At most, based on what’s been leaked so far, you might have had some people around Trump trying to use their connections to Trump to promote themselves and their businesses. That’s a far cry from campaign collusion, which of course, isn’t itself a crime (though it would be wrong).

In the absence of reasonable belief that a crime was committed, there never should have been a Special Counsel appointed. A Special Counsel is not supposed to be the equivalent of Lavrentiy Beria’s secret police, someone who finds the man and then tries to find the crime.

The reason that’s so dangerous is that the federal (and state) criminal laws, in the hands of an aggressive prosecutor, can be abused. Someone who is an expert on that problem is Harvey Silverglate, a Boston civil liberties attorney who, among other things, was co-founder of the Foundation for Individual Rights in Education.

Silverglate’s book, Three Felonies a Day, demonstrates that the criminal laws are so broad and so counter-intuitive in many cases, that ordinary, honest, otherwise law-abiding citizens may be in violation of the law without realizing it. From the book self-description:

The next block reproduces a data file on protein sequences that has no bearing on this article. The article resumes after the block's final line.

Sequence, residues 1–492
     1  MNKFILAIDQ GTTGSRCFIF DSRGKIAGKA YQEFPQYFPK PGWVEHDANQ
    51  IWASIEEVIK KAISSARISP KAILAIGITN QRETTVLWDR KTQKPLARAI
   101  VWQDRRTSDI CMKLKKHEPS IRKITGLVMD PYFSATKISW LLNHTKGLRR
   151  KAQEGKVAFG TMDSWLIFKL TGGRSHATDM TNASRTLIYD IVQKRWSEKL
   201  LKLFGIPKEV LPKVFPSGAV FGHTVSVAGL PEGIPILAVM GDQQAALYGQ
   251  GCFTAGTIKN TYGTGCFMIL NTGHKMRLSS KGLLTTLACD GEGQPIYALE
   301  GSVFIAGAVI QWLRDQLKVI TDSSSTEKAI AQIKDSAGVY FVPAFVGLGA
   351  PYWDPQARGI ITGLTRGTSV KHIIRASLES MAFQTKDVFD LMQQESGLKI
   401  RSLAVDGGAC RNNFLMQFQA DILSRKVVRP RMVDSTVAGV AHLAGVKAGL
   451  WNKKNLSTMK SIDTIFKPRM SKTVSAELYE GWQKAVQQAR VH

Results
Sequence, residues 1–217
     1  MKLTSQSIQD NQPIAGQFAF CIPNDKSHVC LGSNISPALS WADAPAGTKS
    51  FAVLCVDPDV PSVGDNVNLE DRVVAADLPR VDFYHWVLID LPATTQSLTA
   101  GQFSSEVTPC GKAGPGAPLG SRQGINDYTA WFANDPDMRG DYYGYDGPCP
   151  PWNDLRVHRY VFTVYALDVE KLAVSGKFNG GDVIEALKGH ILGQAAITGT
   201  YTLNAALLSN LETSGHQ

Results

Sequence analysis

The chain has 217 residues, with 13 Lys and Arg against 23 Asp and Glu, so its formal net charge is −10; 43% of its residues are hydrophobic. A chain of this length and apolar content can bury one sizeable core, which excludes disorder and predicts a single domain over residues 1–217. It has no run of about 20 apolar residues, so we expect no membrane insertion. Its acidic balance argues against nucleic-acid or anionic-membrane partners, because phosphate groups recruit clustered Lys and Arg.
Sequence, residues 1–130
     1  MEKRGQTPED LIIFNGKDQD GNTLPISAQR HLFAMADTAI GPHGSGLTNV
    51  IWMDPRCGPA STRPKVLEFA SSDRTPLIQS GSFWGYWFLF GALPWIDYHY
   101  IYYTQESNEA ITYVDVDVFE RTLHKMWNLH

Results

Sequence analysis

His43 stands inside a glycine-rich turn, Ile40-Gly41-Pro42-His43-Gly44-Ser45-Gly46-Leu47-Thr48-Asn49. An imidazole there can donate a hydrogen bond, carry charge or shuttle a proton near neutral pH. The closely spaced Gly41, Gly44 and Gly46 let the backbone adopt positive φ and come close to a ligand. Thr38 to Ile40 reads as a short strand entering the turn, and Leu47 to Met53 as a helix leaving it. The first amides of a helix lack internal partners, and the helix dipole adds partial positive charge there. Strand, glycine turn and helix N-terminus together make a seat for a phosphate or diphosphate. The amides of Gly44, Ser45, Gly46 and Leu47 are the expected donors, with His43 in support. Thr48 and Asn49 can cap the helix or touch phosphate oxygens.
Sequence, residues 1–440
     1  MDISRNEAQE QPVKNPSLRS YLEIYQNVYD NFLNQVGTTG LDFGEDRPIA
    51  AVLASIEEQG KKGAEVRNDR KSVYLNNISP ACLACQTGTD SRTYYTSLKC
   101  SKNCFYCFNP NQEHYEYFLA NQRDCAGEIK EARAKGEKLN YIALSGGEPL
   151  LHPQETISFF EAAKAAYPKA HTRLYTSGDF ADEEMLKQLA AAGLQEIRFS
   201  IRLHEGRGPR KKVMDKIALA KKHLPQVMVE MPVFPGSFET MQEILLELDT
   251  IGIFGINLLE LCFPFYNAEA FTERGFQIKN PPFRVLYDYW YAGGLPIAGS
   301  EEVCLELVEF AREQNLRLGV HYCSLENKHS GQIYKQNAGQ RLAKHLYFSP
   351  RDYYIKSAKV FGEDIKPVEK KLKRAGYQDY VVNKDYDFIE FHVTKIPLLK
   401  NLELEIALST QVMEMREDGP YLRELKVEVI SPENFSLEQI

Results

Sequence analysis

The average professional in this country wakes up in the morning, goes to work, comes home, eats dinner, and then goes to sleep, unaware that he or she has likely committed several federal crimes that day. Why? The answer lies in the very nature of modern federal criminal laws, which have exploded in number but also become impossibly broad and vague. In Three Felonies a Day, Harvey A. Silverglate reveals how federal criminal laws have become dangerously disconnected from the English common law tradition and how prosecutors can pin arguable federal crimes on any one of us, for even the most seemingly innocuous behavior. The volume of federal crimes in recent decades has increased well beyond the statute books and into the morass of the Code of Federal Regulations, handing federal prosecutors an additional trove of vague and exceedingly complex and technical prohibitions to stick on their hapless targets. The dangers spelled out in Three Felonies a Day do not apply solely to “white collar criminals,” state and local politicians, and professionals. No social class or profession is safe from this troubling form of social control by the executive branch, and nothing less than the integrity of our constitutional democracy hangs in the balance.